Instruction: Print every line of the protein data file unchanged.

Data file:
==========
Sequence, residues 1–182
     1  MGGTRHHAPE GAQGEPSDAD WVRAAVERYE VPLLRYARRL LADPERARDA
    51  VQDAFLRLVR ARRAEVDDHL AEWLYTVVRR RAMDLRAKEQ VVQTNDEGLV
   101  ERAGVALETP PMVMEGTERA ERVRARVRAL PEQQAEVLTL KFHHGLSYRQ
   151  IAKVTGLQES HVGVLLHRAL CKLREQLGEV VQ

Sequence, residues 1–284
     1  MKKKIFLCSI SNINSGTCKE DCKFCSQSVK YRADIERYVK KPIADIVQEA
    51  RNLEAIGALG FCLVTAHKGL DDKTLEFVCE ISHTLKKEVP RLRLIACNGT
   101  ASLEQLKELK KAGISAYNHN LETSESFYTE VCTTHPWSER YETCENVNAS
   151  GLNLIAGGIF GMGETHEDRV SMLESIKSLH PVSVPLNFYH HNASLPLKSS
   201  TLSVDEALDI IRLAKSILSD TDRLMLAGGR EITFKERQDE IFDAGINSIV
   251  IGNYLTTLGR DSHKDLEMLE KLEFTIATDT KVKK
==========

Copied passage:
Sequence, residues 1–182
     1  MGGTRHHAPE GAQGEPSDAD WVRAAVERYE VPLLRYARRL LADPERARDA
    51  VQDAFLRLVR ARRAEVDDHL AEWLYTVVRR RAMDLRAKEQ VVQTNDEGLV
   101  ERAGVALETP PMVMEGTERA ERVRARVRAL PEQQAEVLTL KFHHGLSYRQ
   151  IAKVTGLQES HVGVLLHRAL CKLREQLGEV VQ

Sequence, residues 1–284
     1  MKKKIFLCSI SNINSGTCKE DCKFCSQSVK YRADIERYVK KPIADIVQEA
    51  RNLEAIGALG FCLVTAHKGL DDKTLEFVCE ISHTLKKEVP RLRLIACNGT
   101  ASLEQLKELK KAGISAYNHN LETSESFYTE VCTTHPWSER YETCENVNAS
   151  GLNLIAGGIF GMGETHEDRV SMLESIKSLH PVSVPLNFYH HNASLPLKSS
   201  TLSVDEALDI IRLAKSILSD TDRLMLAGGR EITFKERQDE IFDAGINSIV
   251  IGNYLTTLGR DSHKDLEMLE KLEFTIATDT KVKK